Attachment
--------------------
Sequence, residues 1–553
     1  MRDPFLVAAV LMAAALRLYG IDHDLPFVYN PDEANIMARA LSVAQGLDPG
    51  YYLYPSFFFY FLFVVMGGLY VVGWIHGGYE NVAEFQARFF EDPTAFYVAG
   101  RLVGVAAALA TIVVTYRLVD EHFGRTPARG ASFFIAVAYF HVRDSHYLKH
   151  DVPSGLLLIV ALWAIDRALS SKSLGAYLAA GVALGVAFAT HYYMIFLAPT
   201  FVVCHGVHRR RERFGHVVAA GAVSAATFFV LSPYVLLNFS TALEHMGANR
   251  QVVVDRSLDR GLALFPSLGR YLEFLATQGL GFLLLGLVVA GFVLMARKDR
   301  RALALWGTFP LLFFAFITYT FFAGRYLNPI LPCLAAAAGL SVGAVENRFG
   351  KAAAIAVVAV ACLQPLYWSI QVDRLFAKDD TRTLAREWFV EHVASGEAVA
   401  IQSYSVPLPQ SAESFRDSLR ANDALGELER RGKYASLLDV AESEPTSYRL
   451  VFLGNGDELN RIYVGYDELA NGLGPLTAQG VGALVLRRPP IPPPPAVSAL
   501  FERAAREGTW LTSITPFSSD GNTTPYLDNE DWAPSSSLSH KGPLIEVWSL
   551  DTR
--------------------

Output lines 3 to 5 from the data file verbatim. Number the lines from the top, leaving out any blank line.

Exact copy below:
    51  YYLYPSFFFY FLFVVMGGLY VVGWIHGGYE NVAEFQARFF EDPTAFYVAG
   101  RLVGVAAALA TIVVTYRLVD EHFGRTPARG ASFFIAVAYF HVRDSHYLKH
   151  DVPSGLLLIV ALWAIDRALS SKSLGAYLAA GVALGVAFAT HYYMIFLAPT